Woman dies in fire at Escambia encampment, highlights dangers for homeless population

A woman who died in a tragic fire at a homeless encampment Wednesday evening was the fourth homeless person to perish in the streets in Escambia County this year.

Escambia County Fire Rescue was dispatched at 7 p.m. to the area of the 4200 block of North Palafox Street and Hickory Street in reference to an outdoor fire at a campsite in a wooded area.

"When we got there, we confirmed the person who caught on fire passed on," said Davis Wood, public information officer for Escambia County Public Safety.

ECSO spokesman Cmdr. Andrew Hobbs confirmed an autopsy was scheduled for Thursday. The official cause of the fire was still under investigation by State Fire Marshal's Office.

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Michael Kimberl, director of the Alfred-Washburn Center and co-founder of Sean's Outpost, said he believes the fire was a very unfortunate accident.

"She was a very sweet lady," Kimberl said. "I don't think she had a mean bone in her body."

Kimberl knew the 53-year-old woman as a friend and client of the Alfred-Washburn Center, a day center that for 22 years has been helping the homeless community survive by providing a place to do laundry, take showers, receive mail, acquire documents needed to obtain employment and housing, as well as rationing out hygiene items and camping supplies.

Sean's Outpost is an outreach and nine-acre campground outfitted to serve the area's homeless population. It's one of the few places people can camp with support and facilities without being in an isolated campsite such as where Wednesday's fire occurred.

Kimberl hadn't seen the woman in a while since she suffered a recent stroke and her mobility became an issue. He knew she wasn't alone when the fire started.

Authorities confirmed other injuries occurred during the fire. A nearby campmate and the woman's boyfriend who tried to help out were also injured in the fire.

Hobbs said fires at homeless camps are very common now, especially with the cold weather. The potential for fires to get out of control can be high when makeshift shelters are made out of highly flammable plastic tarps and nylon tents.

Wood said calls come in to the county at least once or twice a month about fires at homeless encampments, usually after someone reports seeing smoke as they drive by.

"Usually, they're trying to stay warm or maybe they're cooking food," Wood said.

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Wood said the fires are usually fairly controlled at the camps, but firefighters advise them to extinguish the fire if it presents a hazard. They normally comply without incident.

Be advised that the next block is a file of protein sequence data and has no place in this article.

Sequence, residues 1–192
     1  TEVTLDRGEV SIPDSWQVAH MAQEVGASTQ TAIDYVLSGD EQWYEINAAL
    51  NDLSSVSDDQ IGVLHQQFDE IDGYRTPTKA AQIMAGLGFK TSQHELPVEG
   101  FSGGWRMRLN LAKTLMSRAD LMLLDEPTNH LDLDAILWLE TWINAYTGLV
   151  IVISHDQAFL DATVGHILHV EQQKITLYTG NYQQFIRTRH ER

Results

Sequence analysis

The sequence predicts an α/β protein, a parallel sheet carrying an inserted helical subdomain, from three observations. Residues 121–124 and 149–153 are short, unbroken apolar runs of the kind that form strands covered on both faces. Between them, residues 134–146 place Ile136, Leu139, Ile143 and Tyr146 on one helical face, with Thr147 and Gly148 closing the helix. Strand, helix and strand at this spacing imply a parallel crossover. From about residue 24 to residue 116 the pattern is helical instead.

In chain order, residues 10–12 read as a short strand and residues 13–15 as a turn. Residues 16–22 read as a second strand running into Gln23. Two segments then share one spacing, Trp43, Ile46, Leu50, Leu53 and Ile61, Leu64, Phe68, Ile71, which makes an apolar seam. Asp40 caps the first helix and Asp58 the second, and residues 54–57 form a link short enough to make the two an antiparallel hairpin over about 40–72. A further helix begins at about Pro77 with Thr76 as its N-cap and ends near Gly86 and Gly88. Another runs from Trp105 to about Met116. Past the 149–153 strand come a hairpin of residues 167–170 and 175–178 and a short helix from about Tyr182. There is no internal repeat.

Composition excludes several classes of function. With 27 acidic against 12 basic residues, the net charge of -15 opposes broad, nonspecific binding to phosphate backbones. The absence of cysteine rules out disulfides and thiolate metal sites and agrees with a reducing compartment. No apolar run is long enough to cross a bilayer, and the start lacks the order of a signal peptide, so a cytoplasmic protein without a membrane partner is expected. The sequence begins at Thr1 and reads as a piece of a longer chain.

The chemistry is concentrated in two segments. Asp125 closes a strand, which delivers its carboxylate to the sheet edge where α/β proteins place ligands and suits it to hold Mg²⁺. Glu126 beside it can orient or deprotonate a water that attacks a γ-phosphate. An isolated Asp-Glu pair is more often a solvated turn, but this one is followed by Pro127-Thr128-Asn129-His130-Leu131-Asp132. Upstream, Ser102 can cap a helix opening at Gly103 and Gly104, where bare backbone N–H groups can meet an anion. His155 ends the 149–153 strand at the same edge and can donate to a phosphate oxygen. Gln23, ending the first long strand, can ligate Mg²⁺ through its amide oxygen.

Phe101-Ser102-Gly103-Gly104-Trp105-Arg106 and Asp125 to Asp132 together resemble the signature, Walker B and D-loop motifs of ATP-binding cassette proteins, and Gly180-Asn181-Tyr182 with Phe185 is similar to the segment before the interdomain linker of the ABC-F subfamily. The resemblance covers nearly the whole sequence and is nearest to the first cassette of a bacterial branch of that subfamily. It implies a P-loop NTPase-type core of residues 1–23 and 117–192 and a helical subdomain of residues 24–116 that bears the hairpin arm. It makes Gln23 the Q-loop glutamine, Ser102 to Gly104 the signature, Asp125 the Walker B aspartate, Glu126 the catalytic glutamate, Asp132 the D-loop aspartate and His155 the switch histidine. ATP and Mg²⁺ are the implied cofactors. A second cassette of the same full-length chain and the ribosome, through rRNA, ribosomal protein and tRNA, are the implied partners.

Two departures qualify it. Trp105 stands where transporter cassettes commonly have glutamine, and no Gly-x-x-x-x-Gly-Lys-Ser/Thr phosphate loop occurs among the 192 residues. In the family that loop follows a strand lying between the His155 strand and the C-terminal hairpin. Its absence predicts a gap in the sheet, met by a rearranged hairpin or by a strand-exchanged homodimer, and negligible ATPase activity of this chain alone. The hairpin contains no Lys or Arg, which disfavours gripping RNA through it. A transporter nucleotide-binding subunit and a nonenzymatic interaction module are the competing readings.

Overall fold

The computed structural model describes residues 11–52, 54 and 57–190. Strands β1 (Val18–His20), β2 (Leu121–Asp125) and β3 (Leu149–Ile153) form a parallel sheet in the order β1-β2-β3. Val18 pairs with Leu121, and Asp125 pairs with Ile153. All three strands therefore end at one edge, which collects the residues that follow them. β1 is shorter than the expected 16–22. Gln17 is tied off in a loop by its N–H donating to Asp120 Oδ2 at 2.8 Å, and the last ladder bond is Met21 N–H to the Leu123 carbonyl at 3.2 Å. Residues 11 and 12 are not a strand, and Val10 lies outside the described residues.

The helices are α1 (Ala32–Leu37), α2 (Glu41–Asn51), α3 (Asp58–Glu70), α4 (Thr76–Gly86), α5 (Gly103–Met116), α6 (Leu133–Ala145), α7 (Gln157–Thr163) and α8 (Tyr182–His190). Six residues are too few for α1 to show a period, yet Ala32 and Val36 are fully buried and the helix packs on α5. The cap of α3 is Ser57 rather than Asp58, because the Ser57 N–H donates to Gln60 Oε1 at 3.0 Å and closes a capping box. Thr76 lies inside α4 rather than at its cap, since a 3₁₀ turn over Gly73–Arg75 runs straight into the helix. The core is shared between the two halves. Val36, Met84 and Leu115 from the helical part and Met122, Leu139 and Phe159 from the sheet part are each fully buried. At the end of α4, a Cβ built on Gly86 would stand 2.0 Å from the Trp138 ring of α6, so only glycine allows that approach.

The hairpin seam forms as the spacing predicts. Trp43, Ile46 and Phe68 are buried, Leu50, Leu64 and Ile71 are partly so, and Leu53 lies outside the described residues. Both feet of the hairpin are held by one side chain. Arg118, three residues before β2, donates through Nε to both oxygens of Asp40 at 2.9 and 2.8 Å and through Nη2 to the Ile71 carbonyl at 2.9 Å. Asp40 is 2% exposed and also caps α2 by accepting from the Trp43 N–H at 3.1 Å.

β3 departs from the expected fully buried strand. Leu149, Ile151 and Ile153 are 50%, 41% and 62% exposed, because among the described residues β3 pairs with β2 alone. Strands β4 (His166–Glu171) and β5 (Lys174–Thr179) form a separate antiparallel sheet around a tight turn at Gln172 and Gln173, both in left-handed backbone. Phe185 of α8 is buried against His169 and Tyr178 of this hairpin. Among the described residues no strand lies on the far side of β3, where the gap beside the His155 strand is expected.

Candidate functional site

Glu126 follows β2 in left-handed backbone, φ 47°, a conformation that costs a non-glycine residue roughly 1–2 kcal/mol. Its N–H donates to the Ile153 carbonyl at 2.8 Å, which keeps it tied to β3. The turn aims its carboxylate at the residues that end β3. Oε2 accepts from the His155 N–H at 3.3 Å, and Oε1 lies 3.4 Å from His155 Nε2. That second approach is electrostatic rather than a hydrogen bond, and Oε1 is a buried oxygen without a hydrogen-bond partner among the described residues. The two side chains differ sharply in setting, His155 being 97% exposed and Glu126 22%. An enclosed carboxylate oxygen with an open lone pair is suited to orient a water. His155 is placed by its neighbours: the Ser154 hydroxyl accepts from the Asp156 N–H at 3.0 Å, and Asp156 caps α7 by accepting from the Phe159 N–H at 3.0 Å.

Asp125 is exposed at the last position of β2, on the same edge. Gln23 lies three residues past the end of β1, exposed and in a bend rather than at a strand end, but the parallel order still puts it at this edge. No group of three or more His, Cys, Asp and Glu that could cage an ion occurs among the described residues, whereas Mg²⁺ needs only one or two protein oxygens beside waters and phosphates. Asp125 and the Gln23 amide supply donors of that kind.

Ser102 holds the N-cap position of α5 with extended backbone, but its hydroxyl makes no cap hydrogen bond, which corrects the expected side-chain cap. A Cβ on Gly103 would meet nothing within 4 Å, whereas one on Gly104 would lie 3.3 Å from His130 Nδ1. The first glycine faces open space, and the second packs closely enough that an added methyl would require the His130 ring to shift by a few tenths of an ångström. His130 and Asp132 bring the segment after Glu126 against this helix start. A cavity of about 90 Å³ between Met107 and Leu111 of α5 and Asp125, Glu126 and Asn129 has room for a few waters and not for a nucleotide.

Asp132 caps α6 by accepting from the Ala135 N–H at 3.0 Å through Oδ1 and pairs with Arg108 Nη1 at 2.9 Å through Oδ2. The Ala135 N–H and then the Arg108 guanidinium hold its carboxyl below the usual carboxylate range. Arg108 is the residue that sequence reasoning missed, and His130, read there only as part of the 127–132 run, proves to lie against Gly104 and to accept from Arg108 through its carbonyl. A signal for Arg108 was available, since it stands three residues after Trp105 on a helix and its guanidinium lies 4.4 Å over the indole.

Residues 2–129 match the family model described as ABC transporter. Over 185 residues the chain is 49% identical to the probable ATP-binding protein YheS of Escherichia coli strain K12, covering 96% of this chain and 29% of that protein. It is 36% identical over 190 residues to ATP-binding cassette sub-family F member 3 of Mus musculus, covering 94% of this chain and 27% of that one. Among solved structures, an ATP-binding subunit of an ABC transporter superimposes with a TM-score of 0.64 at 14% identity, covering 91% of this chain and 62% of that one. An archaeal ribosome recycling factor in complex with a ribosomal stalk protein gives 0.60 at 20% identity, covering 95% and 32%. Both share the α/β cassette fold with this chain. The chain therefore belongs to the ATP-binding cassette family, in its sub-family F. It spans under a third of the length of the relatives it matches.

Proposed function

"This is our second person this year to die in a fire," Kimberl said, in reference to the homeless. The other was a homeless man named Chico who had been sleeping in an abandoned camper and couldn't get out in time when a candle caught fire.

Kimberl said exposure is one of the biggest concerns for the homeless population.

"This rain today and tomorrow is going to soak everything, and then the temperatures are going to drop quickly," Kimberl said. "We've been handing out as many blankets and tarps as we can to keep them warm and dry."

Kimberl said it's the least they can do until the things that really get people off the streets, like more shelter beds and affordable housing, become a reality in Pensacola.

"Due to all the exposure to all the elements, we watch people age a lot quicker than the homed community," Kimberl said. "It's heart-wrenching to watch people age so quickly out here."

In the case of Wednesday's fire, Kimberl is even more saddened by the fact that the woman's death might have been prevented had she known there was a shuttle running from a local church to the daytime shelter at Waterfront Rescue Mission. The overnight shelter is for men only.

"It's very difficult getting information like that to our clientele," Kimberl said.

Organizations that serve the homeless community held a recent candlelight vigil to remember those who died while living in the streets. In 2021, at least 28 people died.

The woman who died Wednesday makes the fourth homeless person to pass so far in 2022. In addition to the two fire-related deaths, Kimberl said one death was due to medical reasons and another was from a drug overdose.

Kimberl said the woman who passed Wednesday had a doting boyfriend who had been doing what he could to take care of the two of them. At times, she used a wheelchair and it was easier for the woman to stay behind at the camp while he made trips to the center to get what they needed.

As the homeless population does their best to survive, Wednesday's tragedy suggests the odds are sometimes stacked too high against them.

"We have a problem in our town, it does need to be addressed," Kimberl said. "We've neglected it for far too long."

This article originally appeared on Pensacola News Journal: Pensacola Florida woman dies in fire at homeless encampment